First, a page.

To the many family members, friends, teachers, neighbors, coworkers and acquaintances who have not only served our country but have also given of themselves to protect their various home nations, I thank you. While some of you are no longer with us and many of you bare the scars both physically and mentally of the battles you fought, your service and sacrifices have not gone unnoticed.
Veterans' Day might be a convenient time to vocalize that gratitude, but I often have the opportunity to reflect upon why I have so much respect and admiration for veterans. Not only are many of the people I interact with on a daily basis both veterans and active members of the military, but I also see the WWII Memorial, the Pentagon, Arlington Cemetery, the Marine Corps Memorial and the Navy Archives practically every day as physical reminders of service men and women. Because of the historic area I live in, I drive past battlefields and along military access roads, and I live directly along the Pentagon's flightpath. These are all constant reminders that though we do not have a current war on American soil, this nation was built upon the land where battles took place and the lessons learned--both good and bad--from those battles.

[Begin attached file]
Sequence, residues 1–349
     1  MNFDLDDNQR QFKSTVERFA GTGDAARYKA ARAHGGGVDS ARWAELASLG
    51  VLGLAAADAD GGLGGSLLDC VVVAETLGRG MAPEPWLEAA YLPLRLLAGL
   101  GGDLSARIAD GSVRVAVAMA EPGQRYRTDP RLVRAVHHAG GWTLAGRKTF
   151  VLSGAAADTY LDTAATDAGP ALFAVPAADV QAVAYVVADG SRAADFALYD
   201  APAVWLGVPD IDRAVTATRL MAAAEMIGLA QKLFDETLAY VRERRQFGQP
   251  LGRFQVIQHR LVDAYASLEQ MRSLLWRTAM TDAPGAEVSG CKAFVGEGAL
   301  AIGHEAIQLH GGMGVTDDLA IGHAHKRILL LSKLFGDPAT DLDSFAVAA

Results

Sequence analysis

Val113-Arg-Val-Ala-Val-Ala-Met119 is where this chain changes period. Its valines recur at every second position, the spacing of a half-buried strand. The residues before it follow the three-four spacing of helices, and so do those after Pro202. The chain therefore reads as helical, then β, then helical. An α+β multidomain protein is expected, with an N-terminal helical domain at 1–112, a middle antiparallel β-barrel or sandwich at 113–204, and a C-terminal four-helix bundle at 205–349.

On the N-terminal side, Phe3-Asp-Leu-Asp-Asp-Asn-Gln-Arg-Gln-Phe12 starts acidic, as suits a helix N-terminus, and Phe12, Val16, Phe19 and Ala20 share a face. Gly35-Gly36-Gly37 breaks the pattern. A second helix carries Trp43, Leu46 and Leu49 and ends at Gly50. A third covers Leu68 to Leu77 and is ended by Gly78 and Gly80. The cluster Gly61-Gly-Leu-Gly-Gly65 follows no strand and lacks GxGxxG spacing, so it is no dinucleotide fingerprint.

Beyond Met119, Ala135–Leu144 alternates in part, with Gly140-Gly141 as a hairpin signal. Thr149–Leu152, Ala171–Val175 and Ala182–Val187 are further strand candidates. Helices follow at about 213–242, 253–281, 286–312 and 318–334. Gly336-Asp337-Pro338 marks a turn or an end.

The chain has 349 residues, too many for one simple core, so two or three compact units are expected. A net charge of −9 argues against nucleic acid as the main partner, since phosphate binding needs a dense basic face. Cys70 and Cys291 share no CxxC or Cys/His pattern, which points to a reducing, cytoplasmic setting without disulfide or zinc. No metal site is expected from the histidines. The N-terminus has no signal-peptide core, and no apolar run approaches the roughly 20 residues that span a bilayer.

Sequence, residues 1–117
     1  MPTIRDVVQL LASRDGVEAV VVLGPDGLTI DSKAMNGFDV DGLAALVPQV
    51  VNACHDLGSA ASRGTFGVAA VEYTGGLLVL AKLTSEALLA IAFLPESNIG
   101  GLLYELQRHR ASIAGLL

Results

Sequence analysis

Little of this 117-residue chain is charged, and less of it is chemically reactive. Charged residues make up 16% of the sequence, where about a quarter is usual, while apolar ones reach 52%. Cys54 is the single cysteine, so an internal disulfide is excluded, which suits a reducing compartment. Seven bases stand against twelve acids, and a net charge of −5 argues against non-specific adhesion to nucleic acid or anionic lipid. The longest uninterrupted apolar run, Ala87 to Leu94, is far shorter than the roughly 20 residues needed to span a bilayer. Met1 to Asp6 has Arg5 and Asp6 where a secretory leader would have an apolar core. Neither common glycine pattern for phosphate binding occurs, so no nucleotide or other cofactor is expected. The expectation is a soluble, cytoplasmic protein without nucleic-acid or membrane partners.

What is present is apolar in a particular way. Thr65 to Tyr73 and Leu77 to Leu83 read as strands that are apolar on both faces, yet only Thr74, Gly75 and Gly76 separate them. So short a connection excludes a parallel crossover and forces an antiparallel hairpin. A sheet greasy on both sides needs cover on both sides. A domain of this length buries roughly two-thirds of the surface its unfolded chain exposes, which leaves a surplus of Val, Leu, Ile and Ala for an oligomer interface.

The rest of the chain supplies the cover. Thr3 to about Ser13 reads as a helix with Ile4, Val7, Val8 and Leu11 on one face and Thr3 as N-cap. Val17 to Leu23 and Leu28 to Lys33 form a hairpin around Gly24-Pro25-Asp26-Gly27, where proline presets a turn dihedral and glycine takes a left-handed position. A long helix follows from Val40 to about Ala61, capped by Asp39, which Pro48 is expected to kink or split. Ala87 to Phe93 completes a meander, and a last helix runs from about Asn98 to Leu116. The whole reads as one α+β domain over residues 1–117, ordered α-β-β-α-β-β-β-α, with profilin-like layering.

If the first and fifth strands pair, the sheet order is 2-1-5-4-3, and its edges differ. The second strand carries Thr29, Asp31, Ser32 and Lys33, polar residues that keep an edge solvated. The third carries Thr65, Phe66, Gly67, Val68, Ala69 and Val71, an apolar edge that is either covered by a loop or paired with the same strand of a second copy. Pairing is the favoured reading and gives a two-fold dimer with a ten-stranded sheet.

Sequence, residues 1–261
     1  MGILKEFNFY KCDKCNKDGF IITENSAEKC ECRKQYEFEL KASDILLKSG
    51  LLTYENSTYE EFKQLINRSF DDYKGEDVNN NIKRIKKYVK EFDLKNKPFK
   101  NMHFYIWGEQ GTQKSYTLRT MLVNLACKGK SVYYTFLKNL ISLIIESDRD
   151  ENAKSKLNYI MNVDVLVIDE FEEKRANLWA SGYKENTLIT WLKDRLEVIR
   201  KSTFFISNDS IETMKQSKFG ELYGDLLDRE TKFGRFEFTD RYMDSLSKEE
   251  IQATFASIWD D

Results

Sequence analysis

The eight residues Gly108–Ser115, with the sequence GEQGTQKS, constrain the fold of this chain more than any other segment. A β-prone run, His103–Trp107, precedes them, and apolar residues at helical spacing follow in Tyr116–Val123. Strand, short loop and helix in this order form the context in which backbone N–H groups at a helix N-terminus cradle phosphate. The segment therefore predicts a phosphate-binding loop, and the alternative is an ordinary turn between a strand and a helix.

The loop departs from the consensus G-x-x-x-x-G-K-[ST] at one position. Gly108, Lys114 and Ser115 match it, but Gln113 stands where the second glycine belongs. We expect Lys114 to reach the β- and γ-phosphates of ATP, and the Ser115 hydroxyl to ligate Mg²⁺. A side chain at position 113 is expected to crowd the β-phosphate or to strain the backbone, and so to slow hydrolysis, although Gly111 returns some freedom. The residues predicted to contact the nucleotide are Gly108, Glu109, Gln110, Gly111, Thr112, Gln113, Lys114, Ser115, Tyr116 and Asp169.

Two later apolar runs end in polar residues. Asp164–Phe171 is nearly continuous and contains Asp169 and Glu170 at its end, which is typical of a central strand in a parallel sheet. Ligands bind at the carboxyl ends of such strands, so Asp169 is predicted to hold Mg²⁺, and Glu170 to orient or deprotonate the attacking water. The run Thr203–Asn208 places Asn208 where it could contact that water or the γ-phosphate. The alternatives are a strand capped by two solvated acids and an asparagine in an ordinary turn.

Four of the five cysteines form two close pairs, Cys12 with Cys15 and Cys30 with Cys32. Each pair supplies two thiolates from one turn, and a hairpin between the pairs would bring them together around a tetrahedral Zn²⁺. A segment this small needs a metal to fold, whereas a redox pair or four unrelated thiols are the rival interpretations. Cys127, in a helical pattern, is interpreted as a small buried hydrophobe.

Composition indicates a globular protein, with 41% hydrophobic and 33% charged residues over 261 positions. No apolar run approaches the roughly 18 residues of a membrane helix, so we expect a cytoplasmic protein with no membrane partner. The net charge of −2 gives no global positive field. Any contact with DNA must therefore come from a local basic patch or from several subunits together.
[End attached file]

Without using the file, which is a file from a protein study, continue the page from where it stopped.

Today I am also grateful for the many books that have helped me understand war. I have never served in the military, nor have I ever seen the devastation caused by war, so books help me understand and connect with something that is so foreign to me. Kathy Erskine posted a wonderful list of books about war this morning, but I'd like to add a few of my own about coming home from war.
Okay for Now by Gary D. Schmidt
I'll Be Watching by Pamela Porter
All the Broken Pieces by Ann E. Burg
Peace, Locomotion by Jacqueline Woodson
Operation Oleander by Valerie O. Patterson